The Paradiso family has been cultivating vines in Puglia, a land of ancient winemaking traditions, for 3 generations. In 1954, the grandfather Angelo was a regular farmer, one of many in the Apulian countryside, waking up when it was dark to work the land until it was dark again. Together with his 4 children, he built his dream: a cellar which even today forms the nucleus around which the entire winery has developed. Now, the grandson Angelo continues the work started more than 60 years ago. He cares for the family estates, all in the Cerignola countryside, and with the selection of wines to be produced from year to year.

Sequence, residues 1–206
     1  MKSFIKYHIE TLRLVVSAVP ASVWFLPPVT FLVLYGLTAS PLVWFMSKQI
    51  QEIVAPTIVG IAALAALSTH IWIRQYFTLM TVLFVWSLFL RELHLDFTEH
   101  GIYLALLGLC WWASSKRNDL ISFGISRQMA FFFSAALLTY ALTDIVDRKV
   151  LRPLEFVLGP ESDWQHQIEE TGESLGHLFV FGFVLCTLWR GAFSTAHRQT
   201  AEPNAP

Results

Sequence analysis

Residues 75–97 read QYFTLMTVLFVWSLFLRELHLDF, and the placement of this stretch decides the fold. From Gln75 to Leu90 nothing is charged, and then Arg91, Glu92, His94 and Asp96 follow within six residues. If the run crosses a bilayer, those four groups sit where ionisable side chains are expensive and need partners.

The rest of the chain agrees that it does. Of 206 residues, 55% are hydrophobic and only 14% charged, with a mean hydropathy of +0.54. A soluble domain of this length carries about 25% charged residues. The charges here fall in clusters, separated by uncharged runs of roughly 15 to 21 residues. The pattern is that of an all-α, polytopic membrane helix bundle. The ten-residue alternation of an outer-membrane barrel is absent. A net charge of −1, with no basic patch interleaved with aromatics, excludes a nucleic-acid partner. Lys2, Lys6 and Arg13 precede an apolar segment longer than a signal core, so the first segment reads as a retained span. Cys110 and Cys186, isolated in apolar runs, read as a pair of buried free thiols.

The vines of Cantine Paradiso extend over the Daunia territory, in the Basso Tavoliere, which is bordered to the north by the Gargano promontory, the mountains of the Subappennino Dauno to the west, and the gulf of Manfredonia protects the fields from the cold winds of the Balkans to the east. Vines here have grown luxuriantly since ancient times – in fact, it’s even said that Diomedes, the Greek hero of the Trojan War, landed in Daunia and planted vine shoots that were imported from Asia Minor, which gave rise to Nero di Troia, the native Apulian vine par excellence. In 1800 Cerignola exported Nero di Troia to France, dominating the wine market. Today, the primary grape varieties are native grapes including Nero di Troia, Negramaro, and Primitivo.